Current Reading

This blog is primarily for me to blog my responses to books that I'm reading. Sometimes I blog about other stuff too, though.

I'm currently reading The Demon in Democracy: Totalitarian Temptations in Free Societies by Polish philosopher Ryszard Legutko.

Word cloud

Word cloud

Friday, August 24, 2018

Bell on religion

On page 155, Bell cites Emile Durkheim, who apparently viewed religion as dividing the world not into men and gods but sacred and profane.  Seen in that light, the religiosity of a society is measured not by supernatural belief but by extremes of moral convictions.  I think our modern politically correct era is a very religious one.  However, it's a religion that cannot identify itself as one, so we lack the language and customs to respect it, critique it, constrain it, and channel it.

Sunday, August 19, 2018

Latest book: Cultural Contradictions of Capitalism by Daniel Bell

I'm reading The Cultural Contradictions of Capitalism by Daniel Bell.  Seventy pages in (out of 339) the book very much has the feel of a polemic, but I'm getting interesting bit of cultural history mixed in.  The question he's tackling is how a very capitalist society that was shaped by Puritan frugality and discipline has spawned such licentiousness while still remaining so capitalist.  What corporations pander to in their customers is so different from what they need from their employees, but the two have to co-exist.

The book really got interesting for me on page 61.  After describing the disciplined cultural legacy of the Puritans, he starts chronicling the backlash.  Apparently writers as early as 1915 were demanding a re-examination of our cultural roots, a re-envisioning of America as a place for not just the descendants of Puritans but also immigrants, African Americans, and urban life.  What's ironic is that the cultural and political descendants of the Puritans were foremost among the crusaders against slavery.  A less racist America is very much an America that embraces the multi-faceted legacy of the Puritans, examining their shortcomings and working to do better, but also holding on to their most positive contributions.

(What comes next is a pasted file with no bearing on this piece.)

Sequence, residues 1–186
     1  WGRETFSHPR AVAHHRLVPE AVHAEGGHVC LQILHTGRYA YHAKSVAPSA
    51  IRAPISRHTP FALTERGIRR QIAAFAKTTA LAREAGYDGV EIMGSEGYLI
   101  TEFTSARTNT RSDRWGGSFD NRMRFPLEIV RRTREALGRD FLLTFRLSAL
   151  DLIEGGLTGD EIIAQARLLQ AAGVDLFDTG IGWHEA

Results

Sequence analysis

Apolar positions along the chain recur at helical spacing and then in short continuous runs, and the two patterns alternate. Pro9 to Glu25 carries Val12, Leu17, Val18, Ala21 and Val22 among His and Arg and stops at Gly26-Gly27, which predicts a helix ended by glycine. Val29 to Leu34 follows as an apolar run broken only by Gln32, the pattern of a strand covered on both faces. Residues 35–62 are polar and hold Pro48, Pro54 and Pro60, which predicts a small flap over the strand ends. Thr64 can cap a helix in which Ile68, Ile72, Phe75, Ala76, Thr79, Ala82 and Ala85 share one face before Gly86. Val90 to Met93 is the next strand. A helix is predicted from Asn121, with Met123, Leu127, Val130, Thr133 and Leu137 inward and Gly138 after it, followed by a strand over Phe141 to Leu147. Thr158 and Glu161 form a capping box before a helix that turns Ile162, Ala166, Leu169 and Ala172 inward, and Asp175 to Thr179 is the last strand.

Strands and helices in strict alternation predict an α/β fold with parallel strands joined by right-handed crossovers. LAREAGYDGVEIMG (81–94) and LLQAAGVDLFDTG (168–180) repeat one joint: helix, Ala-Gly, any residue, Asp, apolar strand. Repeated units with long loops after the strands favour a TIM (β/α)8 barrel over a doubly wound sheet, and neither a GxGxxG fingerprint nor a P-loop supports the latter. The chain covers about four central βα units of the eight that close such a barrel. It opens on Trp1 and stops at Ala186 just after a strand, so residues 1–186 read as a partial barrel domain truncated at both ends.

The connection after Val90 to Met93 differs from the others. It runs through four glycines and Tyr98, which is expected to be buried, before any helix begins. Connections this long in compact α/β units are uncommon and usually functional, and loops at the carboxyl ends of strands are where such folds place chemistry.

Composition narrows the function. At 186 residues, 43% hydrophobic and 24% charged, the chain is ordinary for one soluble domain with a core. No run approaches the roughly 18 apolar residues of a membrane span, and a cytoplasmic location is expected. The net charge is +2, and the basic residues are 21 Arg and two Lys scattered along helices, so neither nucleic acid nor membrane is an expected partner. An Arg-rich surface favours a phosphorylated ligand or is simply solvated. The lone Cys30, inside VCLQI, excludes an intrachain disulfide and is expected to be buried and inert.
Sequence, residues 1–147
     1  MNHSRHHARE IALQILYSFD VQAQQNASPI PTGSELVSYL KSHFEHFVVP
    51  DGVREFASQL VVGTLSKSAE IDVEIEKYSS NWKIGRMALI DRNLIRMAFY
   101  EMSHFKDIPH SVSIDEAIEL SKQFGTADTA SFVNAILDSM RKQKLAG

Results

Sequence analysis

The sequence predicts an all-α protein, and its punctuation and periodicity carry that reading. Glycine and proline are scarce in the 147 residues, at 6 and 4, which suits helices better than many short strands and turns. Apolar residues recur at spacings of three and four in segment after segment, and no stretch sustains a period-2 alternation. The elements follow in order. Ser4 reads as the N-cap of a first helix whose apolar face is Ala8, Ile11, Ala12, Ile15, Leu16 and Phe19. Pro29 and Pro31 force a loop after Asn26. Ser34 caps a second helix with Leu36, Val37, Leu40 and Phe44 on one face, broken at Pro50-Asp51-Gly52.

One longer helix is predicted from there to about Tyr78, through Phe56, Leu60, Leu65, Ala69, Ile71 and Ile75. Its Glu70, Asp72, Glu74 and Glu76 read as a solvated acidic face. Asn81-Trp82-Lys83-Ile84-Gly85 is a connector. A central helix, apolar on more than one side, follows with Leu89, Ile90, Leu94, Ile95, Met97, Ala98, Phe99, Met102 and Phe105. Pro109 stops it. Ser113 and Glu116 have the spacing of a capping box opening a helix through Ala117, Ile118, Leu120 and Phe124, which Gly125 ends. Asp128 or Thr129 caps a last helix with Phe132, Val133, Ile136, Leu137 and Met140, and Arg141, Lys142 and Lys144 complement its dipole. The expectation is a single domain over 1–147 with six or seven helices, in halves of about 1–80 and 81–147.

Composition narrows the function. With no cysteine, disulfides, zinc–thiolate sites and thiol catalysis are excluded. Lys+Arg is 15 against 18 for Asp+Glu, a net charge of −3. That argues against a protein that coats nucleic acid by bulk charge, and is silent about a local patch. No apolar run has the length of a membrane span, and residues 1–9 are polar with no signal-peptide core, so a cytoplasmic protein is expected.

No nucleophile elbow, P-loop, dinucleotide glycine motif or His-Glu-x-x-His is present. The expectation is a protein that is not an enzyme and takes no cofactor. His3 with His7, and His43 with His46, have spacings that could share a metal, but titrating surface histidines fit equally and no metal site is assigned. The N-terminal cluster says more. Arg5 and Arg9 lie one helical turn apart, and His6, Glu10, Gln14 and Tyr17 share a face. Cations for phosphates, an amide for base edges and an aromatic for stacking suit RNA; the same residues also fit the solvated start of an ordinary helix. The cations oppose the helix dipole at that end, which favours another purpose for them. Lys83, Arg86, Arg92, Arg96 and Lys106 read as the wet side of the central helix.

Bell quotes writers who saw the Puritans only as sexually repressed people.  First, sexual repression was hardly a trait unique to Puritans.  In that regard they were unremarkable among the many strains in the Western European culture that they came from.  Their values of learning, work, discipline, frugality, and egalitarianism are what made them remarkable.  Nonetheless, too many people to this day only remember them for that.

I will grant that some American ancestral strains were more open about sexuality, particularly the Scots-Irish (for whom "out-of-wedlock birth" was arguably redundant) and the Cavaliers who founded the Virginia aristocracy (and probably believed in Droit du seigneur).  However, they weren't so much liberated as bad at hiding hypocrisy.  The Scots-Irish might not have been terribly disciplined about sex but they were fervent about religion, and proclaimed themselves quite devout adherents of the most conservative strains of Christianity. And while powerful men in every society have always seen themselves as entitled to women, the Southern elites took it to particularly nasty places.  That doesn't mean that everyone else was forgiven similar indiscretions.  They were open about sex but not necessarily free about sex.

But, anyway, Bell makes the case that a century ago people sought a new Bohemia and they did so not by looking South (for then they'd have to see what comes of lack of restraint) but rather by pissing on the legacy of the Puritans.  Rejecting an idea is so much easier than arguing for its opposite, because if you start to examine its opposite you might find all sorts of unfortunate examples and precedents.  But the idea itself probably has tons of easily-identified downsides.  So, much better to argue against Puritan morals than to argue for the actually-existing cultures that rejected them.  It's the licentious version of "Oh, we just haven't seen Real Communism yet!"

Interestingly, these Bohemians of the early 20th century liked to call everything that they did "New."  "New Poetry", "New Democracy", etc.  This feels very much like the restlessness of the present. They'd probably love pedagogy workshops.  "Oh, we don't assign homework.  That's so old-fashioned!  No, we assign Take-Home Assessments!  They're totally different!"

I'm now at the part where he blames transportation and mass media for freeing us from constraints.  If you live in a world where a trip of even five miles is a big deal, you will spend most of your time in a tight network of people.  If a trip of twenty miles is no big deal, you can have more ties but also looser ties, and more activity can take place out of sight of your closest ties (such as they are).  And the movies, TV, and radio can all advertise and create material lust in your heart.

Let's see where this goes.